Date: Tuesday 1st April 2014
Venue: Loftus Road Stadium
From the club: Ian Taylor & Paul Morrissey
From the fan sites:
Clive Whittingham (LoftForWords – www.loftforwords.co.uk)
Paul Finney (Open All Rs Podcast – http://www.qprpodcast.net)
Steve Sayce (Indy Rs – https://www.indyrs.co.uk)
Ron Norris (QPRnet – http://www.qprnet.com)
Colin Henderson (QPR Report – http://qprreport.com)
Matthew Woolf (WeAreTheRangersBoys.com – http://www.wearetherangersboys.com)
Simon Dorset (QPR not606 – http://www.not606.com/forumdisplay.php/51-Queens-Park-Rangers)
Neil Dejyothin (minutes)
– Social Media
– Owner’s usage
– Vine platform
– Media team’s usage
– Player’s usage
– London Call In
– Malaysia Live Streaming
– Communication around new stadium
– Personnel update
– Former players and staff recognition
– Promoting the youth / other areas of the club
– Ian Taylor thanked everybody for attending and touched upon the previous fan site meetings over the past year, re-iterating their usefulness and that they were part of a wider effort by the club to improve communication with supporters over all areas of the business.
– Ian Taylor stated that the meeting was to discuss items relating to the media department, and that he and Paul Morrissey would not be able to speak on behalf of other departments, but any feedback that did overlap would be passed on where appropriate.
– Ian Taylor confirmed there would be a formal meeting arranged with supporters with QPR Chairman Tony Fernandes.
Owner’s usage – on-going concerns about owner’s social media output / unfulfilled promises, etc
There were several concerns raised regarding the way Tony Fernandes uses Twitter to communicate with fans.
These included the following:
– Statements that promised a lot and then failed to deliver, which raises fans expectations and then disappoints if they don’t come to fruition. The obvious example was the promise of a new club crest and fan consultation by February, which then never materialised and has now been delayed.
– Specific fans being singled out for their positive or negative feedback, where the general view in the room was that some constructive feedback was being portrayed as negative when it wasn’t, and that it causes a divide between supporters.
– Making announcements about deals way ahead of time, such as the likelihood we’d partner with Nike as our new kit suppliers last year, but the formal announcement was only made recently. It is not consistent with the club’s policy on formal announcements.
– Tweets that create tension within the club and its supporters that should be relayed behind closed doors, such as the tweets about Harry Redknapp and the players ahead of the Charlton match, which were not helpful to the club or its supporters.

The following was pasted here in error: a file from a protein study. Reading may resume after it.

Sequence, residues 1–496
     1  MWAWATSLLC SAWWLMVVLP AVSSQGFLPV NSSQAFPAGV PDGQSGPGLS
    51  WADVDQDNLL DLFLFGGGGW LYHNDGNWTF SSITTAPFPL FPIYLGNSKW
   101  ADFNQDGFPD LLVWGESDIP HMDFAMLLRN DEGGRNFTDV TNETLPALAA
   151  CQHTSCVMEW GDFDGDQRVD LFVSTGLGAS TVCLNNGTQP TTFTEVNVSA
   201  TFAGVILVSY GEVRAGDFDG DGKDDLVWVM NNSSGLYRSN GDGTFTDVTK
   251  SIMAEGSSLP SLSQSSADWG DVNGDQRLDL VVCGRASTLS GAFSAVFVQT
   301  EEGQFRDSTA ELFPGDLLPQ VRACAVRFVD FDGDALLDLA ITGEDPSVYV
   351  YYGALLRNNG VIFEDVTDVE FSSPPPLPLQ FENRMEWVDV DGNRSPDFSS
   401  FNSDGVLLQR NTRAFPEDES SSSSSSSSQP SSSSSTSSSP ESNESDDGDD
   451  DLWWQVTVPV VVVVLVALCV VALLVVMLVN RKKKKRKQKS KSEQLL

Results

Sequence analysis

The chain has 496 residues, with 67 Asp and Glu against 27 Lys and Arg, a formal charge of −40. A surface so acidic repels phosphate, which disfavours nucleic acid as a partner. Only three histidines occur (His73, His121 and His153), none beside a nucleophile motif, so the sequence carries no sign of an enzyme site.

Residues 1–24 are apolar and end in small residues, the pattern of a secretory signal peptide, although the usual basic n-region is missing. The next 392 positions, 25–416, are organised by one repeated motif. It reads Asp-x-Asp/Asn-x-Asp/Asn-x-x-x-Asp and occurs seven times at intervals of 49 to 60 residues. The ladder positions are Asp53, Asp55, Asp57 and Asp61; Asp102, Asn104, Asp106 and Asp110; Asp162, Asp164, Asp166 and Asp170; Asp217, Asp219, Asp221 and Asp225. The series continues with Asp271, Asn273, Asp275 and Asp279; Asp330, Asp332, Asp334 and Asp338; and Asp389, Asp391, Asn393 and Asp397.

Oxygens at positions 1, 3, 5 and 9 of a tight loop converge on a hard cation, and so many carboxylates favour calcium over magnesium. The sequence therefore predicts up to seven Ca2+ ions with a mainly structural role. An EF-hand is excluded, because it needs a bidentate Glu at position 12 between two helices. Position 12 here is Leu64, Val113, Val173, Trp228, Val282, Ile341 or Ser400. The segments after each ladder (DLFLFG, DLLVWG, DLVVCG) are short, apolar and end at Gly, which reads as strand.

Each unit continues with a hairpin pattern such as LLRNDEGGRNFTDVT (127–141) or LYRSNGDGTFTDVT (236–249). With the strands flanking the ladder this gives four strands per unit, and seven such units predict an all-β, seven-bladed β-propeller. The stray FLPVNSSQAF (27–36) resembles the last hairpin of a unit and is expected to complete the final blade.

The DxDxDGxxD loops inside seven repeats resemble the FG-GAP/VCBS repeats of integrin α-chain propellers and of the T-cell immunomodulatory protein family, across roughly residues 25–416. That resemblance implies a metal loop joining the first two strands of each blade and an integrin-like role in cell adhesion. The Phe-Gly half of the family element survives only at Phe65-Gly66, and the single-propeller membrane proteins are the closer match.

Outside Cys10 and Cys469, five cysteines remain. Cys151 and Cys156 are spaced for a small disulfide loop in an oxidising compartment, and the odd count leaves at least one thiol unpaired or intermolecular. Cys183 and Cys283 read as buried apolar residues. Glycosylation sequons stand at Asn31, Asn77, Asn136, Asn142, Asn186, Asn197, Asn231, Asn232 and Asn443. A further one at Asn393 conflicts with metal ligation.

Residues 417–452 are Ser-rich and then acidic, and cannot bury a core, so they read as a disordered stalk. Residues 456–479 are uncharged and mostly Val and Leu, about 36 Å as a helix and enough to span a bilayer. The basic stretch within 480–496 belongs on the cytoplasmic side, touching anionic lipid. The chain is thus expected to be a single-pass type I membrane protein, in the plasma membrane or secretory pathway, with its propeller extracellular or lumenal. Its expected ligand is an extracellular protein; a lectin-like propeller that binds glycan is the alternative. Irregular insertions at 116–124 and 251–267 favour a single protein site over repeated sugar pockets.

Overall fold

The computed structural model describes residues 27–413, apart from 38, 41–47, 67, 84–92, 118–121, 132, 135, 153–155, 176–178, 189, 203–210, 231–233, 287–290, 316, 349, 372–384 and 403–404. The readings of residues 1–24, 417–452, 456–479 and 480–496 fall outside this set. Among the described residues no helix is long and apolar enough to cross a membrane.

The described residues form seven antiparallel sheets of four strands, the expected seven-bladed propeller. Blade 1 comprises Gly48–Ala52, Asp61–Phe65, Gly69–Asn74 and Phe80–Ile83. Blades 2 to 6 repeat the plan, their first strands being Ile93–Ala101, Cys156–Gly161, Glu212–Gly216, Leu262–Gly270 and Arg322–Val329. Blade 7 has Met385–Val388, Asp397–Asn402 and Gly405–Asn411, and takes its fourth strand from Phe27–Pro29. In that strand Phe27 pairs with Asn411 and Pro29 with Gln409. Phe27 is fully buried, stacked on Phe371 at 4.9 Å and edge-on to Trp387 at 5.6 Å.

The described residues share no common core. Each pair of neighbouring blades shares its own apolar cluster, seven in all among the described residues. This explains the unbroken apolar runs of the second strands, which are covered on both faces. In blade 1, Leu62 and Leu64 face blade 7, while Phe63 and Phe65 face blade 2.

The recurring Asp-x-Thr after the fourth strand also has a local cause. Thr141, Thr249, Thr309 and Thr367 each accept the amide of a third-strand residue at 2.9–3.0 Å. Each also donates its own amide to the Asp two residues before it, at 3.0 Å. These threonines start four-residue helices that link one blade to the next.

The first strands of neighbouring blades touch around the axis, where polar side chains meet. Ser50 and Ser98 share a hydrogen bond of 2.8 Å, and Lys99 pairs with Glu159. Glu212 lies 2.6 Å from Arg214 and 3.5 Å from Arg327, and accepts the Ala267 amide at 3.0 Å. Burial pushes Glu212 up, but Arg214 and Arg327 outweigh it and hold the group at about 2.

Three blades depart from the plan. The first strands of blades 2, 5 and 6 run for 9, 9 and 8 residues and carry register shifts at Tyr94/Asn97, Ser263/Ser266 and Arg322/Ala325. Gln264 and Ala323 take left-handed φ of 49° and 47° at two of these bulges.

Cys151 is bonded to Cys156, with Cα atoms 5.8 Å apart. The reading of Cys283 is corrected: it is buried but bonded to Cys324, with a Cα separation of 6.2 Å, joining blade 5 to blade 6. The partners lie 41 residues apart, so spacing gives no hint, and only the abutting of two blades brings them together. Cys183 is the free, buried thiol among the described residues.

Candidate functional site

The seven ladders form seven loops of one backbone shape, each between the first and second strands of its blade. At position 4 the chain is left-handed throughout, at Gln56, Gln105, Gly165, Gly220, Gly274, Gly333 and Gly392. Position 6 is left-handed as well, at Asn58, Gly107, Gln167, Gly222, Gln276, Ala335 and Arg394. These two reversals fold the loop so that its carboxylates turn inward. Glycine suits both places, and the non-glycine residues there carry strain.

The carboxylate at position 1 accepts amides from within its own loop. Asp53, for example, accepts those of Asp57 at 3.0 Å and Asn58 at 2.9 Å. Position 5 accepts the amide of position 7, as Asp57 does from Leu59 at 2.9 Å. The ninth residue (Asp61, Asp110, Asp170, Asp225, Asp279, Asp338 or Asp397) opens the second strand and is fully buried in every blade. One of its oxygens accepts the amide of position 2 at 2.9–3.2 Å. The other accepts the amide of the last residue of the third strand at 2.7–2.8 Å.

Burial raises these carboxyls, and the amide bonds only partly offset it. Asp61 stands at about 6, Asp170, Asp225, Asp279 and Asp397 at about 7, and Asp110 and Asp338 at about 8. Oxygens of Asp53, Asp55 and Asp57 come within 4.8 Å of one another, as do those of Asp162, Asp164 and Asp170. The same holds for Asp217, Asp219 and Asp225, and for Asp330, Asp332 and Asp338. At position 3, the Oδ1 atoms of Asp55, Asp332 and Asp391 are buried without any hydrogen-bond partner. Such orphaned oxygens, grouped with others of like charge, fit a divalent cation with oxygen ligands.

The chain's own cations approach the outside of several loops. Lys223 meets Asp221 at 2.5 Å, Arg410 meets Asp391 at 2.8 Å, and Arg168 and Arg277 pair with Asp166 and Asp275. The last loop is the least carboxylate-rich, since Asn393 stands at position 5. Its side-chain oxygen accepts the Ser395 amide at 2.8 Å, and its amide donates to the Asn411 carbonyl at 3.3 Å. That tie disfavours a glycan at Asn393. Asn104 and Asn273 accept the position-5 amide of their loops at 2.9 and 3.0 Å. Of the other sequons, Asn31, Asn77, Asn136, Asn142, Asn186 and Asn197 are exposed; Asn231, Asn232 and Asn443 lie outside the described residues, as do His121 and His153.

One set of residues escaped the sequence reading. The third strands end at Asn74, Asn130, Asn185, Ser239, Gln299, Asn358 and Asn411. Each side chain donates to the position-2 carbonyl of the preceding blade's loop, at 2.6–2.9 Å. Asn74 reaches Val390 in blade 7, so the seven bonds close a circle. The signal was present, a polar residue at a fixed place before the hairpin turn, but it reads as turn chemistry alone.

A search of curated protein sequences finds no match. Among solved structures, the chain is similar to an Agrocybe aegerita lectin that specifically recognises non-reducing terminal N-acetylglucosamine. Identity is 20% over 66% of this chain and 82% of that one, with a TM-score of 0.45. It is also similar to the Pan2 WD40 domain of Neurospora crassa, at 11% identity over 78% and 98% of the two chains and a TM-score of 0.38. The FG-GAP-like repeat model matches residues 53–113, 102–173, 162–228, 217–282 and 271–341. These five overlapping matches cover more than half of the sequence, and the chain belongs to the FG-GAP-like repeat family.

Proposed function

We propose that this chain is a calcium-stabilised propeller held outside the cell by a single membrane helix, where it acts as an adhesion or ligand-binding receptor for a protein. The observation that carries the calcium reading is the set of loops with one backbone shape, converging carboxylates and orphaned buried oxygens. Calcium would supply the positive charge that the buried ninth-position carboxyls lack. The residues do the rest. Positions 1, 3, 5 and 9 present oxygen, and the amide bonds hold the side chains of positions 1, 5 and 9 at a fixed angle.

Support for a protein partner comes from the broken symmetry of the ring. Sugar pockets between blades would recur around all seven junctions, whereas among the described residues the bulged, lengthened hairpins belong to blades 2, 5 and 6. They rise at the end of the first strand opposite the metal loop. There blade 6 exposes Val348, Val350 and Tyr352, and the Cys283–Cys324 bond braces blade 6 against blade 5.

– Ian Taylor acknowledged all of these issues. The media team provide advice and recommendations to Tony Fernandes and the board on a weekly basis.
– The shareholders own the club and are entitled to voice their opinions and views and hopefully the positives of communicating with fans in this manner outweigh the negatives. They feel it’s good to have a Chairman that wants to communicate, even if it sometimes causes challenges.
– Steve Sayce said that the perception of Tony Fernandes is that he is painted as a media and web savvy person – so it was important the message gets back to him that some of his social media communication are not one hundred percent helpful.
– Steve Sayce touched upon some examples where Tony Fernandes had singled out fans for their negative criticism and that this has created a divide amongst supporters who use that platform, which is something we should be keen to avoid. Steve also felt that recently Fernandes has portrayed a message that he was only keen to engage with supporters who were providing positive feedback.
– Steve Sayce touched on issues with previous Chairman in the past playing supporters against one another – and that was something we certainly don’t want to see repeated again and there was a real worry that some of Tony Fernandes’ exchanges with fans could cause this to happen. Steve felt that some of the tweets have come across as provocative and likened it to somebody throwing stones in a pond and then walking away.
– Steve Sayce said that a previous message about us “winning and losing together” is not true, as we do not appear to lose together very well.
– Ian Taylor said they fully acknowledge that mistakes have been made and it’s something they’re trying to manage.
– They feel there is a fine line and a balance to be struck.
– There was a lengthy discussion about what was and wasn’t constructive feedback, and the general feeling was that the constructive feedback is often being taken as negative when it shouldn’t be.
– There was a general discussion on how Fernandes can sometimes react too emotionally after a result, which often leads to a string of exchanges that can lead to something else, such as his decision to meet with supporters.